Lynne Parker (23:47.282)

That was a really interesting question which I did look at because you kindly sent me a note about this before. But I think we all need cheerleaders, don’t we? We always need somebody to bang your drum and support you. I’ve always thought I’ve had mentors and then I’ve been disappointed. I have one particular person in mind who I really looked up to, who I thought of as a mentor. And this is in my PR career, not in my later career in comedy, but without, I don’t think it’s a story I particularly wanna go into, but you know, when I got good at my job, she didn’t like it.

And I think what that shows is that, probably demonstrates more importantly is that women are actually quite ruthless and competitive when it comes to it. We don’t think we are. We always think we’re nicey and we’re great with each other. But that particular incident has really changed my attitude to that notion of mentoring. And my mentor turned around and, you know, you know, knifed me in the back because I got good at my job and made her not look so good, and she didn’t like that. So she had found a way to get rid of me basically.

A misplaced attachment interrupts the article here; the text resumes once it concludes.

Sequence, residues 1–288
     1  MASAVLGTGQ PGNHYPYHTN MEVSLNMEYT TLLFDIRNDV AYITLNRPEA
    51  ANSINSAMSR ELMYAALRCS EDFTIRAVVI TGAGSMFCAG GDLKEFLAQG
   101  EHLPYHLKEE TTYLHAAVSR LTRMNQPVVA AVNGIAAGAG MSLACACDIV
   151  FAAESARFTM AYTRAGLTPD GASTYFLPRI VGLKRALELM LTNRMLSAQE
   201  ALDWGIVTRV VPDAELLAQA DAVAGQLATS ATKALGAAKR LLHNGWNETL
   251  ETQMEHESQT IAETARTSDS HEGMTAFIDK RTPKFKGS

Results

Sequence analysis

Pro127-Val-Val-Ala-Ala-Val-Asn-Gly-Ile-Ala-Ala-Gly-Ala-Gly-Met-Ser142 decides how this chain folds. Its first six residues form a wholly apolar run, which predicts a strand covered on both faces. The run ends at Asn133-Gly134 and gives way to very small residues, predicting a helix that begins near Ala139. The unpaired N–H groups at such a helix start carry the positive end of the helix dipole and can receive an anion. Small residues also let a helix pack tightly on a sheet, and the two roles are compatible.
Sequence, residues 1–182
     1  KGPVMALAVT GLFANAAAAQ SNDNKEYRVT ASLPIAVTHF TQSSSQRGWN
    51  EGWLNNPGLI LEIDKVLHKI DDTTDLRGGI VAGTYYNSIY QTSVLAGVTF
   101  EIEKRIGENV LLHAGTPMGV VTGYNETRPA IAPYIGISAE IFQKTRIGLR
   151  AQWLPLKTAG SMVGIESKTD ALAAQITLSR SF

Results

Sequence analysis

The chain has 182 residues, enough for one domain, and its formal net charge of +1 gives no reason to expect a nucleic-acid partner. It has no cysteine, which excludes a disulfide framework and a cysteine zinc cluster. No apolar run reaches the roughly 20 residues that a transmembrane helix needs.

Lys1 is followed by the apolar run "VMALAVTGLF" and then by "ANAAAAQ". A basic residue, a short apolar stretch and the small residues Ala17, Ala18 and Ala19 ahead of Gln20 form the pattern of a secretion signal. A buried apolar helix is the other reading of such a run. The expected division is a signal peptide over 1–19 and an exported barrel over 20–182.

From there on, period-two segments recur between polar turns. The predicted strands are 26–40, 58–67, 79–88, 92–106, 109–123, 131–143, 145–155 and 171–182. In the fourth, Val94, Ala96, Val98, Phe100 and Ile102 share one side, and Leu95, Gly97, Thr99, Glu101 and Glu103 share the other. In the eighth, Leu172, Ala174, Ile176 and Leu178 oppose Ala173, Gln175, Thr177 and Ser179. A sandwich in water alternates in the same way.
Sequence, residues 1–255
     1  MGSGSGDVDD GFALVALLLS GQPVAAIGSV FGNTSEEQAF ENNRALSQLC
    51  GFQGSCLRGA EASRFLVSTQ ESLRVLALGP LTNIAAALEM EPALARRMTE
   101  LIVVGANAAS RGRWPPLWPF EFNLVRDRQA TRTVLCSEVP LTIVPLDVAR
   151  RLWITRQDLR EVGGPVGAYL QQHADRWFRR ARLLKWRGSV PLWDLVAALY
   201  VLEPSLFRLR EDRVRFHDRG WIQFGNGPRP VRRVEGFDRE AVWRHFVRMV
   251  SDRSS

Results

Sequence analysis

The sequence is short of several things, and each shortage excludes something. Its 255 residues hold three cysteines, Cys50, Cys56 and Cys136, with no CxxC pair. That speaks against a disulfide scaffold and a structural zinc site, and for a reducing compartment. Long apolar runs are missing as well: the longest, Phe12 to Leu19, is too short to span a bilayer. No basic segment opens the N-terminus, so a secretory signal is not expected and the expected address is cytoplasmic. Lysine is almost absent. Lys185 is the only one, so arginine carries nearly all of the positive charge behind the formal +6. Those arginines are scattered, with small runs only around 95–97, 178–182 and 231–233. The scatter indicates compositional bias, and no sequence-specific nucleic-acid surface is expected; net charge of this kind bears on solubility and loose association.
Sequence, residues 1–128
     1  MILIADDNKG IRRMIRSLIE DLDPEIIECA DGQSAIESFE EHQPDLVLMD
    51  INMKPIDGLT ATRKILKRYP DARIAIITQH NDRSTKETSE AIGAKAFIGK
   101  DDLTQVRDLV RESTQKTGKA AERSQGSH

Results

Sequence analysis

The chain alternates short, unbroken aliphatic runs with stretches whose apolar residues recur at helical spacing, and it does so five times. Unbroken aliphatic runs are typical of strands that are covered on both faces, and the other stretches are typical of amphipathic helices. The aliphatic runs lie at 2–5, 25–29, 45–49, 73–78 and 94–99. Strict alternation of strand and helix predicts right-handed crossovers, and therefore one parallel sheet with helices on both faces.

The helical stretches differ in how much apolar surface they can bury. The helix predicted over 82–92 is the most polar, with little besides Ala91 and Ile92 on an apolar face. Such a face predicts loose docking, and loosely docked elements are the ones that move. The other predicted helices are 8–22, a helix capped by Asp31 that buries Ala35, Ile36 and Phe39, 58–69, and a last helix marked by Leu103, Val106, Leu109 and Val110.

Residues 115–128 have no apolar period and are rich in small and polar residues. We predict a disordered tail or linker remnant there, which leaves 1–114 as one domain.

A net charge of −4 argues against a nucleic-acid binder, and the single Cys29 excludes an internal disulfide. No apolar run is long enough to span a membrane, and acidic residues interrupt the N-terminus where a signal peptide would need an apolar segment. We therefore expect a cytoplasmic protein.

So I think from that experience where I went is more into, and I’ve always done this, I’ve realized even as a small child, and I had the best friend incident, you know, I had a friend who was my best friend and then…the next day someone else was her best friend, and then she’d sort of set us off against each other. And I think with this other incident, it reminded me of that and I thought, right, okay. And actually from that whole incident when I was a kid, I always had lots of friends. I’ve always been very mercurial and never been part of a particular gang. I like to move around, which does also mean that sometimes you’re quite lonely and you’re on your own. People say, when I say to people I get lonely sometimes, they think I’m mad, but it is quite lonely running your own thing. And I would love nothing better than to have another person running Funny Women with me, but I’ve tried and each time it hasn’t worked out. And for whatever reason, you know, probably as much to do with me. I am, you know, quite exacting and I have my own way of doing things. So I think that makes it difficult.

So how I’ve kind of got around that is now with Funny Women I have a non-executive board, which is a group of men and women who are all fantastic and they’re there and there’s about nine of us, I think now, and they all have different expertise. They’re not all in comedy. So I can call on them for different things. Some of them are in comedy, but that’s a perfect setup for me. It’s like I have a family of people that I can call upon.